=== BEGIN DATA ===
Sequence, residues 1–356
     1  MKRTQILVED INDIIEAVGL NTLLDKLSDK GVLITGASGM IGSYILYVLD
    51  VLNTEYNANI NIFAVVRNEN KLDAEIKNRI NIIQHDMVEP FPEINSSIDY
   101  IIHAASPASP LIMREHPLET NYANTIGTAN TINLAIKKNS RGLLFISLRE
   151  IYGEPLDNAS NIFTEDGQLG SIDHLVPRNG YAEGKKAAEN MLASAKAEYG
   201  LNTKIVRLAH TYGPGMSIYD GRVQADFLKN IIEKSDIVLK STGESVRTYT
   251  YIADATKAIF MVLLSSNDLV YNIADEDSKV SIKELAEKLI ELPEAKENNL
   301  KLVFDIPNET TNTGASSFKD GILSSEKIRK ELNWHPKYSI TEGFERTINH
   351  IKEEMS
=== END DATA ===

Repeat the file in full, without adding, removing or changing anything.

Sequence, residues 1–356
     1  MKRTQILVED INDIIEAVGL NTLLDKLSDK GVLITGASGM IGSYILYVLD
    51  VLNTEYNANI NIFAVVRNEN KLDAEIKNRI NIIQHDMVEP FPEINSSIDY
   101  IIHAASPASP LIMREHPLET NYANTIGTAN TINLAIKKNS RGLLFISLRE
   151  IYGEPLDNAS NIFTEDGQLG SIDHLVPRNG YAEGKKAAEN MLASAKAEYG
   201  LNTKIVRLAH TYGPGMSIYD GRVQADFLKN IIEKSDIVLK STGESVRTYT
   251  YIADATKAIF MVLLSSNDLV YNIADEDSKV SIKELAEKLI ELPEAKENNL
   301  KLVFDIPNET TNTGASSFKD GILSSEKIRK ELNWHPKYSI TEGFERTINH
   351  IKEEMS